Written and directed by Tommy Gillard, Carl (Tom Greaves) is forced to question what it means to be a man when a new, mysterious member of the badminton club joins in with the charity tournament. Also starring: Niall Kiely, Sam Morgan, Alexander Pearn and James Cotter.
Winner of ‘Best Short Film’ at this year’s London Film Festival, Gillard’s film is possibly the most thematically layered, funny and observant portrayal of badminton ever to be seen on screen. It’s immediately charming with its almost Anderson-esque style, the editing (by Gillard and Boris Hallvig) really stands out as it’s impeccably sharp, the pace and competitive atmosphere that it creates is superb and kicks things off with a bang.
The comedy is flawless, both in the writing and acting, it’s delivered with perfect timing, the constant euphemisms are like they’ve stolen Nigella’s iconic saucy tone and it’s genuinely hilarious. That alone is more than enough for a 13-minute short film but the filmmakers go so much further with it, it’s an exploration of toxic masculinity and closeted homosexuality, as well as the consequent effect those two have on one another and a whole host of sexual tension. It’s ingenious in its parody style depiction of over-compensation of traditional masculinity to mask envy, sexual attraction and insecurity. There’s the classic vying for alpha status, the browbeaten, aggressive reaction when a newcomer takes the top spot and a little bit of McEnroe style anger. However, the most impressively introduced element of its story is certainly the overriding sexual tension and the denial from Carl (Greaves) versus the sly acknowledgement and encouragement from Morgan (Kiely). It’s surprisingly gripping to watch to find out whether Carl will give in to his urges, and it’s an aspect that the direction and editing frame magnificently to emphasise it, it’s almost artful how Gillard uses his camera movement to indicate the sexuality of it.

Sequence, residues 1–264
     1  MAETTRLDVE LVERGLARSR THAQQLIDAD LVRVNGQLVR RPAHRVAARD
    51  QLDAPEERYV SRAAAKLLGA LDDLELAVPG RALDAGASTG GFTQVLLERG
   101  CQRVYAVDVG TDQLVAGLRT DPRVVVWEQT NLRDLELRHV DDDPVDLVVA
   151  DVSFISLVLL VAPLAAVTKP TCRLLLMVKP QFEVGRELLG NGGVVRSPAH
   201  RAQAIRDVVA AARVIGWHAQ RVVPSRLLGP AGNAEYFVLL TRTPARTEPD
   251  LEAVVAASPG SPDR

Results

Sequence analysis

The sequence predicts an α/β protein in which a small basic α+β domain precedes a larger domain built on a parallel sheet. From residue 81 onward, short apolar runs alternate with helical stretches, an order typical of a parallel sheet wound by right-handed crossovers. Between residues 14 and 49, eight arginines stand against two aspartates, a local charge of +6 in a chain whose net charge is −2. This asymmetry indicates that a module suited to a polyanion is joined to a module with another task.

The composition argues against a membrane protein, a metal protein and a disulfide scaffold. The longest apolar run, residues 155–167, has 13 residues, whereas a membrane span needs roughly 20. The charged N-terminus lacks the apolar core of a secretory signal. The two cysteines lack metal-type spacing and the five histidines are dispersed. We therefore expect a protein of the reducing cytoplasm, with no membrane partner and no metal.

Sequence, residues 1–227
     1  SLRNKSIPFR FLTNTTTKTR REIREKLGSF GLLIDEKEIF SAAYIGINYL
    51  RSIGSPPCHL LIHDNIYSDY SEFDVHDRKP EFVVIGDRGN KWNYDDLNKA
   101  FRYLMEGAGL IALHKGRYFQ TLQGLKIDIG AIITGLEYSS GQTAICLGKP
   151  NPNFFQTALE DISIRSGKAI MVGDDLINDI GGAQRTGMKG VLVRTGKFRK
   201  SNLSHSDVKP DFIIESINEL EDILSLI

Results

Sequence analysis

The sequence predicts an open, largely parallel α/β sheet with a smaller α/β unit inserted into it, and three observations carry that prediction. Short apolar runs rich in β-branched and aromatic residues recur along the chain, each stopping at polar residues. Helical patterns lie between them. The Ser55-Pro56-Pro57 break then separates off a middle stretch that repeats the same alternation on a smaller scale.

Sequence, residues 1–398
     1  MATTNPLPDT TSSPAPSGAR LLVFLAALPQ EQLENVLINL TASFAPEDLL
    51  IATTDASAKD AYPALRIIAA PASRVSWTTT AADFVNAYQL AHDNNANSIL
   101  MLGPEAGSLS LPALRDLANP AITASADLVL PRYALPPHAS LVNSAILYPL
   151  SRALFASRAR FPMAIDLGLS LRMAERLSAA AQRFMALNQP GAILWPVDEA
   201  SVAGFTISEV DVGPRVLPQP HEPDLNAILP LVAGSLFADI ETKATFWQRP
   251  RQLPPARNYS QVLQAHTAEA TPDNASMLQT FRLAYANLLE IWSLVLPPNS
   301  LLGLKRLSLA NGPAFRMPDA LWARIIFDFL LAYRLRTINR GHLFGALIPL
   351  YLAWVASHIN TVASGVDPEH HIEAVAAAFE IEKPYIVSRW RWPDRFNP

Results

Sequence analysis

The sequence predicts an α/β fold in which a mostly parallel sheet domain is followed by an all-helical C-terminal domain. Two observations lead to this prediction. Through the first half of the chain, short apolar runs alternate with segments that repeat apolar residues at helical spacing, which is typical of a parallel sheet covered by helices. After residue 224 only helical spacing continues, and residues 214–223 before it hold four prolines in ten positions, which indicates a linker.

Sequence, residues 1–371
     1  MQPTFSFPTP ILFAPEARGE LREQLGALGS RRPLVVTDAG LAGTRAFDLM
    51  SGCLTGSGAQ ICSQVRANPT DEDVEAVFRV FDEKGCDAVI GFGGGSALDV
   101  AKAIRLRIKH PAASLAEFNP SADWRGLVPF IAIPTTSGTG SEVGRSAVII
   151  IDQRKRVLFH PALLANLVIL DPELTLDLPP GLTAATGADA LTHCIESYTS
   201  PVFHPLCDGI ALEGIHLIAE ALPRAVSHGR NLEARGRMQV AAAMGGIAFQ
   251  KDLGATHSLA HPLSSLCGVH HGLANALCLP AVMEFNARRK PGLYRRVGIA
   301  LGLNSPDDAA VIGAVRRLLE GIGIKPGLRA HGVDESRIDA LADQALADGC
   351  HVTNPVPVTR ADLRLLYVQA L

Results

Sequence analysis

Of course none of that would work without a great cast to bring it to life and they have that in spades, the leads Greaves and Kiely are incredible, they’re simply a delight to watch. The chemistry that they build through their competitive and aggressive interactions is honestly powerful, the comedy doesn’t take away from the fact that the attraction between the two of them is constantly at a breaking point. Greaves brings through that identity struggle extremely well, with a very classically masculine physicality and cadence but with plenty of expressions and emotions that clearly show the internal confusion and conflict. Kiely gives Morgan a Timothée Chalamet type air, which is not just a reference to the dark curly hair, it’s the mix of confidence and self-assurance while remaining likable. He makes the character just cocky enough to get away with being somewhat arrogant while still feeling like a good guy and presents the ultimate opposition for Carl in how comfortable he is with himself. They’re supported by a great ensemble of actors as their badminton cronies, they create almost this cult-like impression to their charity badminton tournament, which is entirely unexpected and the comedy support they provide is brilliant.
Shuttlecock is hilarious, sharp and stylish, Gillard’s direction and editing are superb, the atmosphere that the film creates is bursting with energy. The performances by Greaves and Kiely are absolutely brilliant, the sexual tension between them is so well done that it’s thrilling to watch. It’s very clear why this took the top prize at LFF this year, it’s an impeccably well-made film all round, what it achieves within just 13-minutes is incredibly impressive.